CLINICAL TRIAL
COMPARATIVE STUDY
JOURNAL ARTICLE
RANDOMIZED CONTROLLED TRIAL
RESEARCH SUPPORT, NON-U.S. GOV'T
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Three psychotherapies for anorexia nervosa: a randomized, controlled trial.

OBJECTIVE: Few randomized, controlled trials have examined the efficacy of treatments for anorexia nervosa. Cognitive behavior therapy and interpersonal psychotherapy are effective in a related disorder, bulimia nervosa. There are theoretical and treatment indications for these therapies in anorexia nervosa.

METHOD: Fifty-six women with anorexia nervosa diagnosed by using strict and lenient weight criteria were randomly assigned to three treatments. Two were specialized psychotherapies (cognitive behavior therapy and interpersonal psychotherapy), and one was a control treatment combining clinical management and supportive psychotherapy (nonspecific supportive clinical management). Therapy consisted of 20 sessions over a minimum of 20 weeks.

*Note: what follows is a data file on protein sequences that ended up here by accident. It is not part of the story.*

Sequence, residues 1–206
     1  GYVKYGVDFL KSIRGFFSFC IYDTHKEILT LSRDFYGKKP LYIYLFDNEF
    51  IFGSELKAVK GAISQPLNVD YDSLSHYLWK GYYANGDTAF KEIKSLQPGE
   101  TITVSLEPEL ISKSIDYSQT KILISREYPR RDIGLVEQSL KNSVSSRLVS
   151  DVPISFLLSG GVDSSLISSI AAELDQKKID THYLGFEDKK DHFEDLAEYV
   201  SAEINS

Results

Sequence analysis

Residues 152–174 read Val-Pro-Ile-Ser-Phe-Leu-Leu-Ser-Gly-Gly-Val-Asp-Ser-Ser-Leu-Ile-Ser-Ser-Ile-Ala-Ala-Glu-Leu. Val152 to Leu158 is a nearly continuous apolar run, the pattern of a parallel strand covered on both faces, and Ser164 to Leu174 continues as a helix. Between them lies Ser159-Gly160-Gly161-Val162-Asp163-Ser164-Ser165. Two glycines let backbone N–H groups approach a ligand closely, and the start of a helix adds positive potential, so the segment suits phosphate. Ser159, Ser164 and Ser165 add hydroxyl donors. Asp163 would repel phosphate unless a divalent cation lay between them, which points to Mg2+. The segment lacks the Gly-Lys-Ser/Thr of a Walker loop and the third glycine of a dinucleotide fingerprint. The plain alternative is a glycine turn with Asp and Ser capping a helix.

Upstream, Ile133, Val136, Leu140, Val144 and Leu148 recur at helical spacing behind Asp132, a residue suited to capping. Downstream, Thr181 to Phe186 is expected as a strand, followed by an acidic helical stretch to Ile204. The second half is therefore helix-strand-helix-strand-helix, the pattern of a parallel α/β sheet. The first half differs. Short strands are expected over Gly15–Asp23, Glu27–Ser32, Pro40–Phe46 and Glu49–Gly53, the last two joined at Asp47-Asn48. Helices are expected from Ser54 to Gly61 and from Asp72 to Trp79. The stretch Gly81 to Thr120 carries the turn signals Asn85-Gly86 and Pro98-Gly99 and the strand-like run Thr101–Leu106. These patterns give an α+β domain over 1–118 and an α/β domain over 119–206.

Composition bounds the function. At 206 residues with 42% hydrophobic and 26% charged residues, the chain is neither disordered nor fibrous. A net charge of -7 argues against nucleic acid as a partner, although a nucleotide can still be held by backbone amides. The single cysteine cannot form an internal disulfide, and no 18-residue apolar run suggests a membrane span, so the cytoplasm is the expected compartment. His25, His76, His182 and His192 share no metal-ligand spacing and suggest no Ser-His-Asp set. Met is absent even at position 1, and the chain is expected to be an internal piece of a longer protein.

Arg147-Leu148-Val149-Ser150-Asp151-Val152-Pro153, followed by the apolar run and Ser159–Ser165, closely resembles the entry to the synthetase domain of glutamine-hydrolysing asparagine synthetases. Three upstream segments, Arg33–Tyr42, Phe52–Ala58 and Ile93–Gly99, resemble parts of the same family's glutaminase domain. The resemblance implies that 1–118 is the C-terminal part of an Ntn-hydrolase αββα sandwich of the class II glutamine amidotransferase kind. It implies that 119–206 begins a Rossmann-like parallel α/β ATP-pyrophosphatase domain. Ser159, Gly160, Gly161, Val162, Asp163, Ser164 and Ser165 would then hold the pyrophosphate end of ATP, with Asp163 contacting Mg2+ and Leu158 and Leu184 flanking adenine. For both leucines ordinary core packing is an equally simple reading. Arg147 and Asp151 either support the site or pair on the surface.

RESULTS: For the total study group (intent-to-treat group), there were significant differences among therapies in the primary global outcome measure. Nonspecific supportive clinical management was superior to interpersonal psychotherapy, while cognitive behavior therapy was intermediate, neither worse than nonspecific supportive clinical management nor better than interpersonal psychotherapy. For the women completing therapy, nonspecific supportive clinical management was superior to the two specialized therapies.

CONCLUSIONS: The finding that nonspecific supportive clinical management was superior to more specialized psychotherapies was opposite to the primary hypothesis and challenges assumptions about the effective ingredients of successful treatments for anorexia nervosa.

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